Floods and fires aside, the tricky science of prediction is explained in a book that treads a careful line between analysis and anecdotes of awful events, says Andrew Robinson.
Megadisasters: The Science of Predicting the Next Catastrophe
- Florin Diacu
Mathematician Florin Diacu has some confidence in forecasts. In Megadisasters, he describes the history and current state of prediction science. He considers tsunamis, earthquakes, volcanic eruptions, giant whirlwinds, rapid climate change, cosmic impacts, financial crashes and pandemics, and asks how useful chaos theory and mathematical modelling have proved in predicting these. Broad in scope though this may be, one would also have expected a chapter on wildfires — given their catastrophic recent effects in Australia, California and Greece — and one on floods. The latter are statistically the most frequent and lethal of natural disasters, whether as independent events or in conjunction with other disasters, such as the tsunami of 2004 or Hurricane Katrina in 2005.
The book's two most outstanding chapters address cosmic impacts and earthquakes. These events illustrate opposite poles of the prediction spectrum. The rate of collisions between large asteroids and Earth is accurately determined and widely accepted by scientists and governments. In contrast, official attempts at earthquake prediction are notoriously inaccurate; for example, although it was forecast in 1985 that a magnitude-6 quake had a 95% probability of occurring before 1993 at Parkfield, California, no such quake materialized, whereas in 1989 a bigger one did occur at Loma Prieta much further north.
This focus reflect's Diacu's interests. Celestial mechanics is his main field of research, and earthquakes have been part of his life since childhood — he grew up in quake-prone Romania and now lives and works in Victoria on Vancouver Island, Canada, near a plate-tectonic junction. Educated during Romania's communist dictatorship, the logic and freedom of mathematics were Diacu's release. Mathematical models of our complex world are essential, he argues; however, they are a useless “mirage of the crystal ball” without sufficient data and honest thinking.
Although cosmic impacts are a known hazard today, it was not always so. Well after the era of Isaac Newton and Edmond Halley, late-eighteenth-century scientists were reluctant to recognize meteorites as intruders from space, even when presented with fragments and exposed to independent witness reports. Perhaps the pieces were ejecta from volcanoes, they theorized. Today, the massive Tunguska explosion over Siberia in 1908 is attributed to a small meteorite, and a larger cosmic collision with Earth 65 million years ago is the predominant theoretical explanation of the extinction of the dinosaurs.
The passing of an asteroid within 700,000 kilometres of Earth in 1989 encouraged the US Congress to allot funds for watching the Solar System more carefully and for devising protective responses, a project loosely known as Spaceguard. The name comes from Arthur C. Clarke's novel Rendezvous with Rama (Harcourt Brace Jovanovich, 1972). Diacu does not mention Clarke — surprising in a book on prediction — but he does provide a compelling analysis of collision risks and the responses that may be required in the 2030s, when asteroids XF11 and Apophis are predicted to come very near to Earth.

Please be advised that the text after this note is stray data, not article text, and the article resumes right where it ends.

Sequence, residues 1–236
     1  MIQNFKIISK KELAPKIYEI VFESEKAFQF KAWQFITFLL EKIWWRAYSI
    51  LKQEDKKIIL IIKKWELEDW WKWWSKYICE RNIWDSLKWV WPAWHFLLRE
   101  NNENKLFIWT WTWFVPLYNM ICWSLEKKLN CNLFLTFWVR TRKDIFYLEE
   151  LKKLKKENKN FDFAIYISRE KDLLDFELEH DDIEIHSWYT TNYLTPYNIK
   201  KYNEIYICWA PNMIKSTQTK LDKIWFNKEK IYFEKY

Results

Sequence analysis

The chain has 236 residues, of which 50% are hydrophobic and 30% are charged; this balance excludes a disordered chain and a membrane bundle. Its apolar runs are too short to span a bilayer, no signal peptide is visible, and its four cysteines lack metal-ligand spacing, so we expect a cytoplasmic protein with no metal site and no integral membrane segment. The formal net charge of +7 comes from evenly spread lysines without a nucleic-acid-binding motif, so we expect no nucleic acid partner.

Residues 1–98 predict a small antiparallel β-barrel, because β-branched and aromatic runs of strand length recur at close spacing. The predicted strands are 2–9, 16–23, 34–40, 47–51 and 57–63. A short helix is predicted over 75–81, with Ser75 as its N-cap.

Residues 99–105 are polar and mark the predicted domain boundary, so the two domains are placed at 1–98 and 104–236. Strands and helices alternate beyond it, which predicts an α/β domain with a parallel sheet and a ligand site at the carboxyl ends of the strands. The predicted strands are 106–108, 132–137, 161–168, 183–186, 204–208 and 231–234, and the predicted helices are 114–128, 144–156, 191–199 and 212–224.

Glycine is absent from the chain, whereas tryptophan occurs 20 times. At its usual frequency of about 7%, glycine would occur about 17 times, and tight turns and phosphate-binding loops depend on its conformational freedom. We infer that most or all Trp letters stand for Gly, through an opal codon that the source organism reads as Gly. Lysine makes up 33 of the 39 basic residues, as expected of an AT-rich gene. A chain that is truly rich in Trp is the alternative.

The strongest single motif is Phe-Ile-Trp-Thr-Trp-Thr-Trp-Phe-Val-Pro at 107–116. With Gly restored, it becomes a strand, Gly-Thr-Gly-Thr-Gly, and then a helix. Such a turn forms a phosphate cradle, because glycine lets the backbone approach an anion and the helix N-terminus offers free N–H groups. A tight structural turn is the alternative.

Bombardment of a near-Earth object with a nuclear missile is probably not advisable, writes Diacu, because “the orbits of the pieces formed after the explosion could get out of hand. To compute them might take longer than the time to impact.” One suggestion for changing the momentum and direction of a hazardous near-Earth object away from Earth is to alter the heat radiation from its surface by coating it with either black or white dust or by wrapping it in aluminium foil.
With earthquakes, the prediction problem boils down to the failure of various models of earth movement to account for quake data, such as the unexpected existence of mid-plate earthquakes. Diacu chooses not to mention seismologist Harry Fielding Reid's long-dominant 'elastic rebound' model of faults, proposed after the 1906 San Francisco earthquake. Without an understanding of what happens underground, forecasting is inevitably hit-and-miss.
Chinese seismologists gave some hope in the 1970s by successfully forecasting the 1975 Haicheng earthquake, which may have saved 150,000 lives. But the 1976 Tangshan earthquake struck apparently without warning, and killed at least 250,000 people. A month later, an evacuation order was issued for a devastating earthquake that was forecast for the Guangdong region, but never occurred. The Haicheng warning may have been a lucky coincidence, assisted by the preparedness of the people through state-sponsored education and their fear of being indoors during quakes. “At worst, earthquakes are part of a chaotic system, so long-term predictions will always fail,” notes Diacu. By contrast, he points out, short-term warnings do have a chance of success.
Books about natural catastrophes for the general reader must tread a tricky path between the awfulness of such events, anecdote and analysis. Diacu offers some of each, but does not always manage to integrate them. Nonetheless, his keynote is a welcome balance between pessimism and optimism.
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Robinson, A. No crystal ball for natural disasters. Nature 463, 160 (2010). https://doi.org/10.1038/463160a